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Morici: Japan — The Economic Consequences of Disaster

The toll in human misery wrought by the tsunami and earthquakes in Japantest the imagination of economists but the effects on Japan’s GDP and wealth are a different matter.

GDP, which measures goods and services produced, will immediately dive in Japan and stay lower through the second and into the third quarters of 2011, but will then surge as construction and spending on capital equipment to rebuild drives up growth.

Overall, however, Japan will be poorer, for this disaster. Lost infrastructure, factories and the like will be replaced but wealth is the sum of what citizens and governments own—those include physical assets like those just noted and financial wealth, namely securities and cash. Rebuilding will run down Japan’s financial wealth to replace lost physical assets.

Damaged houses, cars and debris after the earthquake
Sankei | Getty Images
Damaged houses, cars and debris after the earthquake

As estimates of the damage emerge, those totals are real deadweight losses to wealth. To the extent Japan must run down financial assets and bring home foreign investment to rebuild, the net wealth of Japan is permanently reduced.

Generally, after three years or so, the impact on GDP is small—production is lost in the first two quarters but more goods and services are produced in later quarters to rebuild. Often the net loss in GDP, from even the largest natural disasters, comes to no more than one percent of GDP in large advanced industrialized countries.

Replacing lost production and rebuilding lifts output in a nation’s geographic areas less affected by the disaster to provide the resources to rebuild and compensate for lost output in the most affected region.

However, this time could be different. Japan has encountered two disasters—the tsunami and earthquake, and the nuclear explosions—and globalization may make Japan more vulnerable rather than in the past.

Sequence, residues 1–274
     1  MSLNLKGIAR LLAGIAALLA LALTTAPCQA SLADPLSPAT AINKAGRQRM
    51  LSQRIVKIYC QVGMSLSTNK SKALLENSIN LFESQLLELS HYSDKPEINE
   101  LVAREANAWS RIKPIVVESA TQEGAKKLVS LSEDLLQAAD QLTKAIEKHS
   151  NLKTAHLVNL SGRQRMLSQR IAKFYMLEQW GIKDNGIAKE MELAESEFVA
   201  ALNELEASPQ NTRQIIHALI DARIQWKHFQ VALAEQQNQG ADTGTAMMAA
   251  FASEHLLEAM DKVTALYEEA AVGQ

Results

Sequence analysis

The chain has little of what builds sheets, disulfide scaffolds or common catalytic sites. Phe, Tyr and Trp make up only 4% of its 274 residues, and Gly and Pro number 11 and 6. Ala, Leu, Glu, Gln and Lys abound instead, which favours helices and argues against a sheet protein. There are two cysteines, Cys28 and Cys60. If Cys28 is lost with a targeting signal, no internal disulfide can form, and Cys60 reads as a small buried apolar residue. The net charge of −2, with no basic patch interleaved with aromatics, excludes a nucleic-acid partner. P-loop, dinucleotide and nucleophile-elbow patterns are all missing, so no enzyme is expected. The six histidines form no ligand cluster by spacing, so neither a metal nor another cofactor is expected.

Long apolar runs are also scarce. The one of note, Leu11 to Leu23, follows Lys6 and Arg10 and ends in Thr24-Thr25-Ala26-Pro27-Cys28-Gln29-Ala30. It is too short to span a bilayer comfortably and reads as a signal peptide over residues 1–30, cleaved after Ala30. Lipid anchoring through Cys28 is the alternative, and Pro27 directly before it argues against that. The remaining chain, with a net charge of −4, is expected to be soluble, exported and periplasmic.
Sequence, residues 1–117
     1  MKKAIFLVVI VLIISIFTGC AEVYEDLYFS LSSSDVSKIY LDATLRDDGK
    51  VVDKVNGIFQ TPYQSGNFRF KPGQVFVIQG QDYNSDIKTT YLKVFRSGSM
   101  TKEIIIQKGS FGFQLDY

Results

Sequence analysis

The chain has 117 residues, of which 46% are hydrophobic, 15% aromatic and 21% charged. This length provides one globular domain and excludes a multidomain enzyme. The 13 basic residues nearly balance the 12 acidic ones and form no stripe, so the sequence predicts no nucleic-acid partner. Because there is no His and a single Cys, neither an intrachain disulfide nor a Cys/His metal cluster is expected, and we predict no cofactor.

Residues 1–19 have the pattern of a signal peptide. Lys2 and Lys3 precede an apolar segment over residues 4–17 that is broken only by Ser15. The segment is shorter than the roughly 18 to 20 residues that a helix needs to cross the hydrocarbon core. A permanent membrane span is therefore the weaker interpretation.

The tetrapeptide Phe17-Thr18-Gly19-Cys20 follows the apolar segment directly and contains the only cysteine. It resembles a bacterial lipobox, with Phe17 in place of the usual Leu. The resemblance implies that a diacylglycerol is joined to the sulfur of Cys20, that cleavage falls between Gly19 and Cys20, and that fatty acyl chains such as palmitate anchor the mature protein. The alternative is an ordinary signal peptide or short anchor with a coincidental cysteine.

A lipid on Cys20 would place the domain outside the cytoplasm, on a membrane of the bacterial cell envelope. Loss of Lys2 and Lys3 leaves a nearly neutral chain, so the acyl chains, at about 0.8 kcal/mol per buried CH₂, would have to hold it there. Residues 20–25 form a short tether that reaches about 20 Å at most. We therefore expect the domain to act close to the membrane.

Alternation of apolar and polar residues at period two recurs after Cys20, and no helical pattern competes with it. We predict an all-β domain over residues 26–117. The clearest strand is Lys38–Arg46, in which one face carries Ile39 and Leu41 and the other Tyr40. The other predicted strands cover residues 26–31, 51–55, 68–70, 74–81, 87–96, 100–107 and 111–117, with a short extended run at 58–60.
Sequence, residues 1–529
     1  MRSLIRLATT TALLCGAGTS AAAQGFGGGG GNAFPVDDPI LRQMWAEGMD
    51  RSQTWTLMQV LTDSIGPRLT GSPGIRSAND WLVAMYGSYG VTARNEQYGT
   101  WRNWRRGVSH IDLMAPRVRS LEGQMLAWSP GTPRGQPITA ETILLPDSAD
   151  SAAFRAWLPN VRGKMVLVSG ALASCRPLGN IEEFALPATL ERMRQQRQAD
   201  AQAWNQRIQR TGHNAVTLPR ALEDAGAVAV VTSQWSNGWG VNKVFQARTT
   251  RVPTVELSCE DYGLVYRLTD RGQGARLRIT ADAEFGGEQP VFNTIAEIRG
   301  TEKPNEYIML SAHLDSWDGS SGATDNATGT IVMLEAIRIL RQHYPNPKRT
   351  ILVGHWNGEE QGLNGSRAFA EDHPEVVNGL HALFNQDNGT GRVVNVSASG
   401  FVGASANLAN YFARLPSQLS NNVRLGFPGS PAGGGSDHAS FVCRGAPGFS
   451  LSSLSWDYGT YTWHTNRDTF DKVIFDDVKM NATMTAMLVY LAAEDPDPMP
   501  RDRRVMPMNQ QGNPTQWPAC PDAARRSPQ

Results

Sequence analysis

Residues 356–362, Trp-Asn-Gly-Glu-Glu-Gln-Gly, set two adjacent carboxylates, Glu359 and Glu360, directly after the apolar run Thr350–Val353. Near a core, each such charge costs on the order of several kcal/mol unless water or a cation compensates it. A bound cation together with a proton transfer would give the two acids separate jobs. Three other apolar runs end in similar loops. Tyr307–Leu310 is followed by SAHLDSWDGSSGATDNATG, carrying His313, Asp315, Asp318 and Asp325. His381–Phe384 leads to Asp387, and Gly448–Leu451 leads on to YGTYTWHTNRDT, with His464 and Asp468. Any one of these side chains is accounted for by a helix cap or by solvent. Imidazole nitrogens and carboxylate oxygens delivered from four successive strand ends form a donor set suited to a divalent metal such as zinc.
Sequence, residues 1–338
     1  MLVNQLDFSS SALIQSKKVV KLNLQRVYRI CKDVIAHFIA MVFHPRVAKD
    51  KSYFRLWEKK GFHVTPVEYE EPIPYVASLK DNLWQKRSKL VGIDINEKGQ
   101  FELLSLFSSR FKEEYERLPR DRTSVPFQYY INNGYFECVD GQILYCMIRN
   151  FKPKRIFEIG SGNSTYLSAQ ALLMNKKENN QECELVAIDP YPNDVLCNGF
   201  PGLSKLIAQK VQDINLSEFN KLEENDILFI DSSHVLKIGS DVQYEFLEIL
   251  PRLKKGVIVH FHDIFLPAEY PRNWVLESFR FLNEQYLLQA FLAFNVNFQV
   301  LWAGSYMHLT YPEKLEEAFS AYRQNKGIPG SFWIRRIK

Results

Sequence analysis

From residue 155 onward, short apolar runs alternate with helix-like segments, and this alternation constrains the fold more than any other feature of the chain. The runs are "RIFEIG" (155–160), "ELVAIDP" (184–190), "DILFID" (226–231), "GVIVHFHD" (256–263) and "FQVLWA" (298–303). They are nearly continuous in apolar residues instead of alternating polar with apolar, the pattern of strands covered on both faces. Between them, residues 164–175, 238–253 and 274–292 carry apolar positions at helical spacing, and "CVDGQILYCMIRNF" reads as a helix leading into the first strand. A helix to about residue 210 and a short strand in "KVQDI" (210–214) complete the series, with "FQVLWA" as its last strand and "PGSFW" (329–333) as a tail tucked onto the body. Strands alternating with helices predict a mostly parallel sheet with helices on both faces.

The double whammy has the potential to keep the Japanese economy shut down longer and globalization offers Japan’s export customers alternatives they might not have enjoyed a decade or two ago. Hyundai and Ford now are good substitutes for Toyota’s cars, and even more so, Caterpillar tractors made in China can replace Komatsu’s land movers.

The pause and uncertainty effected by the nuclear shut down will cause production to rev up more outside Japan and take longer to return to full capacity inside the country. Longer term the nuclear disaster will accelerate the implosion of Japan’s economy caused by an aging population, just as Hurricane Katrina caused people and activities to permanently leave more economically depressed areas of the Gulf Region permanently for faster growing places in the United States.

Some of New Orleans’ and Mississippi’s lost capital will never be restored—it went elsewhere in the United States. For Japan’s disaster stricken economy that elsewhere may be other places around the world.

For the global economy, the nuclear disaster in Japan will cause more delay in reducing dependence on oil from the politically volatile Middle East. Wind, solar and other alternatives hold great promise but nuclear still offers the safest, large scale option around. The problem is the loss of life associated with nuclear failures gets concentrated, even if it is much smaller over time per BTU produced, at events like Fukushima. That latter will increase hesitation around the world about building nuclear plants and keep the global economy in the grip of oil longer.

This time, the path to recovery will be tougher for Japan, and for the global economy, ripped by the Great Recession and high priced oil, the path of recovery will be inexorably altered.


Peter Morici is a professor at the Smith School of Business, University of Maryland, and former Chief Economist at the U.S. International Trade Commission.